From the Oct. 8, 1936 News Record:
Somewhere on the ranges of central Wyoming there may be a man, or a woman, seriously injured or dying, and desperately needing help. Again, it may be that it is too late for help now. This was the fear expressed at the sheriff’s office this week. A riderless horse, saddled and equipped with a silver mounted bridle, has been roaming Natrona County for at least a week. Friday, it wandered into Kaycee and was captured. The horse is branded with 3 on its left shoulder and the saddle, a good one, has the initials S.E.D. carved on it. County officials want to know who S.E.D. is, where he is and how he is.
From the Oct. 4, 1951 News Record:
Protect your family! A new emergency policy is offered covering nine dread diseases: polio, encephalitis, scarlet fever, rabies, spinal or cerebral meningitis, diphtheria, leukemia, tetanus, smallpox. Pays up to $5,000; plus $500 in immediate benefit and $50 a month for 100 months for accidental double limb or eye losses or total paralysis of the lower limbs caused by injury to spinal cord; plus $500 for accidental loss of one hand, one foot or one eye; plus $500 in cash should you or members of your family covered by the policy be accidentally killed. Call 233 or 122-R or see E.R. Pines, Gillette.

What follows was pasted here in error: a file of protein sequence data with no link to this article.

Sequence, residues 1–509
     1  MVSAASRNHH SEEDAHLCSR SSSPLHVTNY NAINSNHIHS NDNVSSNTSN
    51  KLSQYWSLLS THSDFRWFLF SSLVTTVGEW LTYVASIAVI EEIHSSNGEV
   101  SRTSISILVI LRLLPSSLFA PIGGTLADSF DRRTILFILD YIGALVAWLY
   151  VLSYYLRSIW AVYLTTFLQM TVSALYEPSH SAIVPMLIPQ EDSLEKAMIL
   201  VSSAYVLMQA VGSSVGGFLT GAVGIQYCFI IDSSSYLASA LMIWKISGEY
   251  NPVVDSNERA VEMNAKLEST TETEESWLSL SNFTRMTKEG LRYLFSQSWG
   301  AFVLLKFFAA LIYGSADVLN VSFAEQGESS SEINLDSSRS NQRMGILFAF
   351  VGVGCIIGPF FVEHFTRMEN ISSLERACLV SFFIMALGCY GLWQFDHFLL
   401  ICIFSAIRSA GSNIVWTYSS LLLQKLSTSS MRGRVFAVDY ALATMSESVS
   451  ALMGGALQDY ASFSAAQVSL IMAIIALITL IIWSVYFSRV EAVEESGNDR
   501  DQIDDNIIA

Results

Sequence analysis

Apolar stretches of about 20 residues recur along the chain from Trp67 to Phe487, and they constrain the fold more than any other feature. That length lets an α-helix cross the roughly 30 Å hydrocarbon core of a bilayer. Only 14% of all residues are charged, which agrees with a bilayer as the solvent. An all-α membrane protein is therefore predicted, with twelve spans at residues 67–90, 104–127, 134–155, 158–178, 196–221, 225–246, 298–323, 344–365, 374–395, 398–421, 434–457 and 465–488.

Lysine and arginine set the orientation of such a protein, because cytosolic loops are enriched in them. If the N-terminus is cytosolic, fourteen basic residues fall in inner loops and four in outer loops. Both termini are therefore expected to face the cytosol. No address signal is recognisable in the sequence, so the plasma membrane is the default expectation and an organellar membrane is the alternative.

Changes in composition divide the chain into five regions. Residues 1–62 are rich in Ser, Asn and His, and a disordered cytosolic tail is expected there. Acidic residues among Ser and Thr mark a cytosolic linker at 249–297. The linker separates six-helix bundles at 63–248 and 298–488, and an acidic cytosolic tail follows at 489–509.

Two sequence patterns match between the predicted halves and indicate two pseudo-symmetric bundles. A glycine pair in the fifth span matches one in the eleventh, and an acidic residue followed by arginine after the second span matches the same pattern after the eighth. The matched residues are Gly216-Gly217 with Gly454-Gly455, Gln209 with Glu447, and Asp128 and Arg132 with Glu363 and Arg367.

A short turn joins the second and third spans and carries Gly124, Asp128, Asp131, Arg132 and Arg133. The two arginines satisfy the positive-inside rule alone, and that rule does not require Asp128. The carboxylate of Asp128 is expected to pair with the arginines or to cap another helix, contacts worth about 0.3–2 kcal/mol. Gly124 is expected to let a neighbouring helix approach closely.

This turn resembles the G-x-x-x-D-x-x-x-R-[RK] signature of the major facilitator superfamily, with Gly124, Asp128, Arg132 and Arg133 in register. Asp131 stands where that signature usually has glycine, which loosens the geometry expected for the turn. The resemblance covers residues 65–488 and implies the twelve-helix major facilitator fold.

From the Oct. 10, 1974 News Record:
The Gillette City Council has decided to start meeting on the first and third Mondays of each month to avoid calling frequent special meetings. On Monday, Mike Enzi appeared at the meeting in regard to complaints he has received about unenforced dog laws. Part of the problem, according to Mildred Huravitch, city clerk, is that the dog catcher, Byron Oedekoven is in a Rapid City hospital recovering from an operation. The council also had first reading on the annexation of about 225 acres of land south of I-90 near the 4J Road. There are no residences in the area, known as the 4J subdivision, but there are several businesses.